The Year the Earth Stood Still
The COVID-19 pandemic brought travel around the world to an abrupt halt in 2020. Nations are still trying to grasp the consequences, and restarting movement could take years.
New York City’s Times Square deserted. Dubai International Airport empty. Vatican City vacant. These are some of the scenes of a world no longer in motion.
After the new coronavirus broke out in early 2020, most countries imposed measures such as closing their borders, banning foreign travelers, or ordering their citizens to stay home. These restrictions disrupted international trade and supply chains, but more jarring were the impacts on the movement of people. Countries that depend on tourism are facing economic collapse. Refugees are stranded in crowded camps. Migrant workers have lost their jobs and returned home. Diplomacy between world leaders is largely taking place via videoconference, if at all.
Experts say it will be hard to get moving again while the pandemic is still raging. And the 2020 standstill could permanently change how we interact with one another.
Tourists Stay Home, Businesses Suffer
Thailand is normally flooded with foreign tourists at its street markets, beaches, and resorts. In 2019, travel and tourism comprised nearly 20 percent of the country’s gross domestic product (GDP). But with officials forced to close borders during the pandemic, Thailand became “completely paralyzed,” says Siradej Donavanik, vice president of the Thai hotel and resort company Dusit International.
Starting in March, Dusit International saw a historic decrease in guests at its more than three hundred Thai and international properties. To cope, the company had to reduce its fixed costs—most of which are staff-related—by 20 percent. Throughout Thailand, unemployment has soared. On top of the COVID-19 fallout, anti-government protests have further rocked the economy.
“It’s almost like a double whammy, where the pandemic almost took away like 80 percent of our business and now these protests are taking what’s left, especially in the capital of Bangkok,” Donavanik says.
It’s not just Thailand. The number of tourists plummeted worldwide as countries locked down. During the first eight months of 2020, 700 million fewer international tourists traveled compared to the same period in 2019, according to the United Nations’ World Tourism Organization (UNWTO).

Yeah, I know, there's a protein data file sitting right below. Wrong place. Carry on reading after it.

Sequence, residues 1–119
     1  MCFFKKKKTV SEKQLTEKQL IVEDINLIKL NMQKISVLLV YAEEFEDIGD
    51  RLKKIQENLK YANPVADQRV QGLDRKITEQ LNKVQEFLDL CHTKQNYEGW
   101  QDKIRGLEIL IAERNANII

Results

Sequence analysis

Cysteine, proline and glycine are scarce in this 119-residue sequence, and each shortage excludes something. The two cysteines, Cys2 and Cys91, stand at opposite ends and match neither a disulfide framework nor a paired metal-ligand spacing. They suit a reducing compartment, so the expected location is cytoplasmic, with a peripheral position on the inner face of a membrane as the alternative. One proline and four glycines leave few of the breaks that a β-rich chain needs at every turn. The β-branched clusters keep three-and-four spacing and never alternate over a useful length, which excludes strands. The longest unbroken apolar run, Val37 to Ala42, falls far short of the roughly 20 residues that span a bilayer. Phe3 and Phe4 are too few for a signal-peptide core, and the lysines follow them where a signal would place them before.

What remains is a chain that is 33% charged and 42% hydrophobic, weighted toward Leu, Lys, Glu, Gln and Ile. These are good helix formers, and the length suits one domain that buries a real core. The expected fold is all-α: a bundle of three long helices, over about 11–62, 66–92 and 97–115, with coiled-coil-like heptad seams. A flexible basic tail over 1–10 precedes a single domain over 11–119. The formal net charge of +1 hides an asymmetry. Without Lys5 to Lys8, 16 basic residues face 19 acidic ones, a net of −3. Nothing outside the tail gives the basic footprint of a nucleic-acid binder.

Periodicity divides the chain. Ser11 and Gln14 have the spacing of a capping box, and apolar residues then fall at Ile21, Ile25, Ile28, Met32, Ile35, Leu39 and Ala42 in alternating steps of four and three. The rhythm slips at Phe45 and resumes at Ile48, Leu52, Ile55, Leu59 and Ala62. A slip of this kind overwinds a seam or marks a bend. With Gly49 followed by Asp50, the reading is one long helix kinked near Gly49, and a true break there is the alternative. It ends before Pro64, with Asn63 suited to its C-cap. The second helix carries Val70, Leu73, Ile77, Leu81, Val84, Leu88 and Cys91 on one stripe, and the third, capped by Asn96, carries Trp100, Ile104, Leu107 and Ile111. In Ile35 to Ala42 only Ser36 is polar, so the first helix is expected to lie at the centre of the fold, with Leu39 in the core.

The decline in tourism has already caused an estimated $730 billion in losses worldwide, eight times the amount of tourism revenues lost during the 2009 financial crisis, and the UNWTO is projecting up to $1.2 trillion in losses by the year’s end. More than 120 million people in the industry—tour guides, cruise ship workers, restaurant servers, and many others—could lose their jobs [PDF].
No country has escaped the crushing economic effects. Around the world, famous landmarks, natural wonders, and historic sites were emptied of visitors, devastating communities that depend on international tourism for income. Small island developing nations, such as Aruba and the Maldives, could be thrown into catastrophic financial crises, while developed countries, such as Italy and Spain, are suffering job losses and business closures.
Beyond profits, tourism also offers cultural benefits. It allows people to learn about other cultures and promotes dialogue among different groups of people, “highlighting our common humanity,” writes UN Secretary-General Antonio Guterres. But now that gathering with strangers is a high-risk activity, cultural exchange has plummeted. Around 90 percent of the world’s museums temporarily closed, and although many have shared their collections online, some are unlikely to reopen. Dozens of World Heritage sites that rely on tourist spending to cover maintenance costs shut down, including the Taj Mahal in India, Machu Picchu in Peru, and Victoria Falls in Zambia and Zimbabwe. Performers and artisans, including those in indigenous communities, have also been hit hard.
Borders Close, Futures Put on Hold
In early September, fires ripped through Greece’s Moria refugee camp, leaving roughly twelve thousand people homeless, including eighteen-year-old Afghan refugee Yaser Akbari, his parents, and his three younger siblings. The incident laid bare the myriad challenges refugees face in finding safe settlement.
Akbari says he felt conflicted as he watched Moria, his home of roughly a year, go up in flames. Its residents had been under tighter coronavirus restrictions than others in Greece, sardined in an unsanitary settlement that Akbari says was initially “a shock.” In his new camp, conditions are even worse. “Because the hygiene is terrible,” he says, “[refugees] just wash themselves in the sea.
Experts say such camps are powder kegs for infectious diseases such as COVID-19. Confirmed cases of the coronavirus among refugees have swelled in recent months, though they remain low globally. For now, Akbari and his family are at a standstill as they wait to hear whether Germany will accept them. Still, he says, “I haven’t been hopeless during these times.”